In 2008, artist Shepard Fairey’s iconic image of then-Sen. and presidential candidate Barack Obama with the word “hope” emblazoned below became one of the most popular and impactful campaign posters in modern American history.
Its simple and powerful message – that there was a way out of what then seemed to be very dark times — helped inspire millions in a nation that had, for most of the preceding two-plus centuries, taken hope for a brighter future as more or less a given.
Today, the issue of hope (and, for many, the lack of it) is much on the minds of humans across the planet — particularly as they contemplate the global climate emergency and the overarching environmental crisis it is abetting.
At this writing, much of the American West is being blitzed by deadly and devastating wildfires spurred on by drought and heat greatly worsened by global warming. Meanwhile, here in the eastern part of the nation, millions are casting a wary eye toward an unprecedented throng of tropical weather systems fed by rising sea temperatures.
And, of course, similar existential threats plague dozens of other locales across the globe, where rising seas and expanding deserts continue to feed the planet’s rapidly escalating tide of climate refugees.
Best scientific estimates indicate that drastic and immediate action to reduce carbon pollution is utterly essential if humans are going to avoid a spiraling global catastrophe.
And, finally, to complete the sobering picture, the president of the United States and many of his allies and supporters continue to deny that there is even a problem that needs addressing. As The New York Times reported yesterday: “… Mr. Trump and his senior environmental officials have regularly mocked, denied or minimized the established science of human-caused climate change.”
In such a dire situation, what is a caring and thinking person to do? Is “hope” of the kind that motivated so many people to action in 2008 even a viable or useful option?
One provocative and instructive response to questions of this kind was recently provided by a scientist named Ayana Elizabeth Johnson in an interview she gave to Washington Post climate writer Sarah Kaplan. Johnson, who together with her co-editor, Katharine Wilkinson, has put together a new compilation of “essays, poetry and art by 41 women in the climate movement” scheduled to be released next week titled “All We Can Save: Truth, Courage and Solutions for the Climate Crisis,” put it bluntly:
“It’s funny to be asked about hope, because one of my mantras is something you cannot print. Which is just, [expletive] hope. Because, honestly, hope is not going to get us there. I personally perceive the word ‘hope’ as passive. When I hear the word ‘hope,’ I think, ‘I hope someone does something about that.’ Or ‘I hope that works out.’ And I’m just like, where’s the plan? Where’s the strategy? What are we going to do that we don’t need hope?”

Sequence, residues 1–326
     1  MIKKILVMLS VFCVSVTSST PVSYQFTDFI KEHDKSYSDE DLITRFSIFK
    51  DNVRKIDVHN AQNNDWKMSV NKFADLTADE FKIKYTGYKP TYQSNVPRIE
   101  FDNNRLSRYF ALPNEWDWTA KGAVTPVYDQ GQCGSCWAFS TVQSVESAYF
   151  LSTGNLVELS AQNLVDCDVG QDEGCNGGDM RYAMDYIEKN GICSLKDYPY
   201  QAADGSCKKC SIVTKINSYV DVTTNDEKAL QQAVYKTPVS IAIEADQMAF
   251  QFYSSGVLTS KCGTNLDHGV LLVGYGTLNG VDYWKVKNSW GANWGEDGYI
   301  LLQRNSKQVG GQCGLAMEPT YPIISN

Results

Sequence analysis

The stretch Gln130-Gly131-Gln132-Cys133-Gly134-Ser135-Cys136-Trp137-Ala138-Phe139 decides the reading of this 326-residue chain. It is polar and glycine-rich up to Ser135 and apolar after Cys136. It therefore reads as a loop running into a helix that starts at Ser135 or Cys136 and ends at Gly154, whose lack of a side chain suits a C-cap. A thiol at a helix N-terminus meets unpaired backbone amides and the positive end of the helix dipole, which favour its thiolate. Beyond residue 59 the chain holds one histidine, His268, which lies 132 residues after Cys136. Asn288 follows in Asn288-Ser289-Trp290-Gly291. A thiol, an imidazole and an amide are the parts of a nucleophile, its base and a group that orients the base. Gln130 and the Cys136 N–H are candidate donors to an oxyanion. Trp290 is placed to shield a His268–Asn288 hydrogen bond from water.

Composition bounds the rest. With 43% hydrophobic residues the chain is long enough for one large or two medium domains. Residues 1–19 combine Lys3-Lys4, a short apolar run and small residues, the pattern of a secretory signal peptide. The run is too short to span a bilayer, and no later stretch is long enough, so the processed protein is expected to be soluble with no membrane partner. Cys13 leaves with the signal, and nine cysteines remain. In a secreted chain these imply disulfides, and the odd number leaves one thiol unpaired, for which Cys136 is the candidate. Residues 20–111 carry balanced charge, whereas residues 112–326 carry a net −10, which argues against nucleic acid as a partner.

Johnson’s assessment is spot on. While hope is certainly useful to the extent it motivates people to action rather than abject surrender — to vote, to alter how they live and consume resources and to influence their family, friends and neighbors to similar action — there is no realistic chance at this point that things will, as the saying goes, “all turn out okay.”
The hard but undeniable fact is that things are not going to “be okay” — at least if that means that humans will avoid inflicting further devastating damage to life on Earth as we know it. Simply put, even in a best-case scenario, the situation is going to get significantly worse.
But as the title of the new book also implies, there is a whole lot that we can and should try to save. Wilkinson, who is also the editor-in-chief of the climate-focused nonprofit Project Drawdown, put it this way to Kaplan:
“Even though there is so much we can’t save, the other side of that is there is so much that we still can save. So, who are we to give up? What gives us the right to give up on the planet and each other? The subtitle is the answer to, ‘If not hope, then what?’ It’s truth, courage and solutions. That’s what’s going to get us there.”
In other words, now is the moment for urgent, desperate and last-ditch action — specific state-level policy action of the kind described in a recent Policy Watch “must read” titled “How NC can tackle the climate crisis and address environmental justice,” national and global policy action of the kind outlined by the United Nations Climate Summit last year and direct, street-level political action of the kind anti-racism activists have mobilized in recent months.
The bottom line: All hope is not lost when it comes to the climate emergency, but hope alone will not be nearly enough to get the job done.
Rob Schofield, director of NC Policy Watch, has three decades of experience as a lawyer, lobbyist, writer and commentator. He can be reached at [email protected]